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I hope this is a reasonable place to ask this question, at least until an art history StackExchange shows up. My memory is hazy about this but I seem to remember a René Magritte painting that depicts a horse-headed woman, facing right, in front of a stone window or sill, with hills in the distance. The overall painting might have had a blue or grey tint. The painting is not "Pure Reason" (1948) or "The Fine Idea" (1964), both of which feature similar horse-headed ladies, but no sill.
For bonus points, I'd love to know more about that painting -- where it is currently, when was it painted, and what does it mean.
Here is a virtual tour of a temporary exhibit Magritte La Ligne de vie that was held at MASI Lugano in Switzerland in late 2018 to early 2019. (I found this by way of an Italian language blog post which does not seem to include any details about the painting itself, except for an image.) If you navigate toward the back of the gallery in this virtual your, you can find this, which fits the description perfectly.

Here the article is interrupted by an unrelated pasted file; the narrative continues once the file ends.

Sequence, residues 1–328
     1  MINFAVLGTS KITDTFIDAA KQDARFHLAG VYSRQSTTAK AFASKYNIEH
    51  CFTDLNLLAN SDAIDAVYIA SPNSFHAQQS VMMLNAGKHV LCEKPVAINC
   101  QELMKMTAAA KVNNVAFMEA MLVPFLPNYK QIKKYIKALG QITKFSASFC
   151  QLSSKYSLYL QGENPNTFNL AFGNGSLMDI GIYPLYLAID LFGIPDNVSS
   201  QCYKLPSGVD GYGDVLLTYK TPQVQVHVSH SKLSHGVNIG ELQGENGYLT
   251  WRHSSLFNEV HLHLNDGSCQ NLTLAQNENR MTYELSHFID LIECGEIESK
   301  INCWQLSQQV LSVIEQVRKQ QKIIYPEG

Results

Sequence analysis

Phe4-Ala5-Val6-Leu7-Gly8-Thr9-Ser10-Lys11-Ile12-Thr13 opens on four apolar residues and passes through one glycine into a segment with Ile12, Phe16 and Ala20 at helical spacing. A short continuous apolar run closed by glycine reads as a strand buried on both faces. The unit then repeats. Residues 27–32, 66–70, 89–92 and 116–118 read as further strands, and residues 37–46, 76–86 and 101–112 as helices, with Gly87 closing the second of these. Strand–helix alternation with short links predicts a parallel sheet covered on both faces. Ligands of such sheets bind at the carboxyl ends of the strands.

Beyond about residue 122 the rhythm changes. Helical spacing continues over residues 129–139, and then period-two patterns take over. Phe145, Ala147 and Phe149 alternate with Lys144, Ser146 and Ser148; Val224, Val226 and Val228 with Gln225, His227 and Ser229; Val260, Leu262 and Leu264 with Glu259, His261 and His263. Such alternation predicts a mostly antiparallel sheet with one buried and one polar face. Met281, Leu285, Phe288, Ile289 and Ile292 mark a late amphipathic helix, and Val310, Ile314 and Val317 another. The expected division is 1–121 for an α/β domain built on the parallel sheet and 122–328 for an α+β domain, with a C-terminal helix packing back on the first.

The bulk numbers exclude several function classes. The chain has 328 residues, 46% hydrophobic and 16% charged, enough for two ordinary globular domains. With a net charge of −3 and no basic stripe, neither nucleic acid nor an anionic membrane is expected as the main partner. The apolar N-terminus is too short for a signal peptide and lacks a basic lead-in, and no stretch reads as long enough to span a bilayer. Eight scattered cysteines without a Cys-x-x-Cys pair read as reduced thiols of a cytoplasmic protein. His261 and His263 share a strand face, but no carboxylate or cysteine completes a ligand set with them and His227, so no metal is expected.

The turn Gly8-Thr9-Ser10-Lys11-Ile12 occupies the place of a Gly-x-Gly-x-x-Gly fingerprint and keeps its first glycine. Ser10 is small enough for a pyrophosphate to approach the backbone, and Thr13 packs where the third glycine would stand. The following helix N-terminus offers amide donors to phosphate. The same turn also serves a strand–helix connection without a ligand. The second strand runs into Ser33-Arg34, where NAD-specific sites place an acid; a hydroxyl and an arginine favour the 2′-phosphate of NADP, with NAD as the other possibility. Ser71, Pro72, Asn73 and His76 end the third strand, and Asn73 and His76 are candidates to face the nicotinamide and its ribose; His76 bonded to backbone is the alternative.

Unfortunately it very difficult to read the sign on the wall in the image above. A reverse Google Image search can lead you to this page, implying that the painting is L'agent secret (The secret agent), 1958 and is held in a private collection. I'm not able to find any more direct verification of this, but the dimensions listed (50 x 70 cm) match perfectly. (The virtual tour allows you to actually measure the painting.)
EDIT: There is a published catalog of the exhibit which probably has more information but is not directly accessible online.
I think you're referring to a study done for his 1964 painting, 'Le Météore (Étude)' ('The Meteor'). Here's the study. Note that it shows the "lady" facing left rather than right (perhaps the image you remember was shown reversed?). Farther down that page is the final painting, where the sill has been removed and the background changed to a forest.
For bonus points :), the link I included shows that it was sold by Sotheby's in 2016, for $200,000. No word on its present whereabouts. As for "meaning", the linked page includes a short discussion of Magritte's "horse problem" that may be illuminating.